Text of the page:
This court has recently held that when the police fail to preserve the photographic array used in a pretrial photographic lineup "there shall exist a presumption that the array is impermissibly suggestive." Branch v. Estelle, 631 F.2d 1229, 1234 (5th Cir. 1980). Therefore, we shall assume that the photographic array shown to the three savings and loan employees was impermissibly suggestive. However, this fact alone does not require suppression of the in-court identification of appellant as the robber. In Simmons v. United States, 390 U.S. 377, 88 S.Ct. 967, 19 L.Ed.2d 1247 (1968), the Supreme Court set forth a two-pronged test for exclusion of an in-court identification. "The first prong is whether the photographic line-up is impermissibly suggestive. If it is not, the inquiry ends. If it is, a separate inquiry must be made as to whether the suggestiveness leads to a substantial likelihood of irreparable misidentification." Branch v. Estelle, 631 F.2d at 1234 n.5.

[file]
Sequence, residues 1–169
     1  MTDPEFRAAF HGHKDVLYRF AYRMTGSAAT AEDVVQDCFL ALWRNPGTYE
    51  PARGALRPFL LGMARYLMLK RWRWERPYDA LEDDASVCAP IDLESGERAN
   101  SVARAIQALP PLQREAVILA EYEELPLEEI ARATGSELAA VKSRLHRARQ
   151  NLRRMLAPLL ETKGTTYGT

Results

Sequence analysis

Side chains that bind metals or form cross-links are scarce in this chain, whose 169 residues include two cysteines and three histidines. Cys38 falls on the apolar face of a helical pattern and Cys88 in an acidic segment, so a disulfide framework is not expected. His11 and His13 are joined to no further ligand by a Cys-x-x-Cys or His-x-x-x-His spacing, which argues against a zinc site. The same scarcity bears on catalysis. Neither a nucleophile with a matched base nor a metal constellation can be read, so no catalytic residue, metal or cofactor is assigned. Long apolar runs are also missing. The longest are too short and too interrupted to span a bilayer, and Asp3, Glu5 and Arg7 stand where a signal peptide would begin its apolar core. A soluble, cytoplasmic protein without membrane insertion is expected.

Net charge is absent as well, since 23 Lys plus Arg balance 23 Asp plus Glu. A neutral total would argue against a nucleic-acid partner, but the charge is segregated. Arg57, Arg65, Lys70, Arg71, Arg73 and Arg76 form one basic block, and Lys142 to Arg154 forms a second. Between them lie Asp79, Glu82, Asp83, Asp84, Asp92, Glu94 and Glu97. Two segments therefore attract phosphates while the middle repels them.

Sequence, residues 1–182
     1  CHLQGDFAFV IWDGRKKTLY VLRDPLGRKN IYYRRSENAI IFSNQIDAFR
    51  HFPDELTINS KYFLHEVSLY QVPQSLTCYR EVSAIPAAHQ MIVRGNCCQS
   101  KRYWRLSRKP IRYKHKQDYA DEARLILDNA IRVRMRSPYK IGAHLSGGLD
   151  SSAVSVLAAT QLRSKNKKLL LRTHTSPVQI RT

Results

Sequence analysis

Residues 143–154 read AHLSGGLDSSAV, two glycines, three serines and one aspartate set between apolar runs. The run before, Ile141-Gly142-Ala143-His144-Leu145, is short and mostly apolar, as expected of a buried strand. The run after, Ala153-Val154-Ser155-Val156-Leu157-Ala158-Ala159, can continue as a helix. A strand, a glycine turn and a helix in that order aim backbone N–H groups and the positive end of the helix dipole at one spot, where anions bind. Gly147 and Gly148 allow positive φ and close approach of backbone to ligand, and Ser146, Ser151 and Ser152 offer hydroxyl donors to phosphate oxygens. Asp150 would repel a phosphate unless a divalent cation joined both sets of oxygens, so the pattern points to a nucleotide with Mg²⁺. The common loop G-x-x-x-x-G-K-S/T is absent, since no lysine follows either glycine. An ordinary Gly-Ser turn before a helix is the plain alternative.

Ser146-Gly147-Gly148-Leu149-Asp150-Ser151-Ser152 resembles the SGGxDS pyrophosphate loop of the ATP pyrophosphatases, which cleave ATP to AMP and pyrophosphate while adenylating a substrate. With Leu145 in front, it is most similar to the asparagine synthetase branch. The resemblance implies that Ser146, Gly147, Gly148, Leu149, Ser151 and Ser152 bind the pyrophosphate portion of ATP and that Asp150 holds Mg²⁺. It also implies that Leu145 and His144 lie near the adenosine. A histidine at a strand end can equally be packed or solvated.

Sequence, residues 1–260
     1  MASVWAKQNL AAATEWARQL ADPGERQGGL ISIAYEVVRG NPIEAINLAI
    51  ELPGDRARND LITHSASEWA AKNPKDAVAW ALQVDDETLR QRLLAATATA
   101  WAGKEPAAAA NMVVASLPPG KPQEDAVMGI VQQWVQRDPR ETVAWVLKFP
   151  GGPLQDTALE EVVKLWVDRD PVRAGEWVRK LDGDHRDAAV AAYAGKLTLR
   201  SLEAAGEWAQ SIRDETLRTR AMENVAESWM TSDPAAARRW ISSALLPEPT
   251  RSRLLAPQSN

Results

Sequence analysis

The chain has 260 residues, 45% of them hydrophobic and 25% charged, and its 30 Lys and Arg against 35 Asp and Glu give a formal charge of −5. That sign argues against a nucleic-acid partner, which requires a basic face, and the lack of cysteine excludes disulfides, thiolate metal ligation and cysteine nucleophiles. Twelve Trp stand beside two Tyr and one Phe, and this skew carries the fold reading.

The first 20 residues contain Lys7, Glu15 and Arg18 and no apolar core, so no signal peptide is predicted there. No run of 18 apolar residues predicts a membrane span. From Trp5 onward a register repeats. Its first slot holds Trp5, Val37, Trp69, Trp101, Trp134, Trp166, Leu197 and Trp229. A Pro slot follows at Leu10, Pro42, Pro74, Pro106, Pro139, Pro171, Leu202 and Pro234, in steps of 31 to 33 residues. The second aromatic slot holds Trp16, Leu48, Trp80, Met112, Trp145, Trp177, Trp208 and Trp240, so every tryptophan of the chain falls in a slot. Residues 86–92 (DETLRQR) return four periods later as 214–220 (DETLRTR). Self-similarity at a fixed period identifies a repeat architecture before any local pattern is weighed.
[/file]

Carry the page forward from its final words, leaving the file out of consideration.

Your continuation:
Only three of the five witnesses who positively identified appellant as the culprit were shown the photographs. Moreover, at the suppression hearing, the three witnesses who were shown the photo spread testified positively that their in-court identifications were based on their observations at the time of the offense rather than the photographs. Each of the witnesses commented on the strange appearance of one of appellant's eyes. Therefore, we conclude that even though the photographic array may have been impermissibly suggestive, there was no substantial likelihood of any misidentification.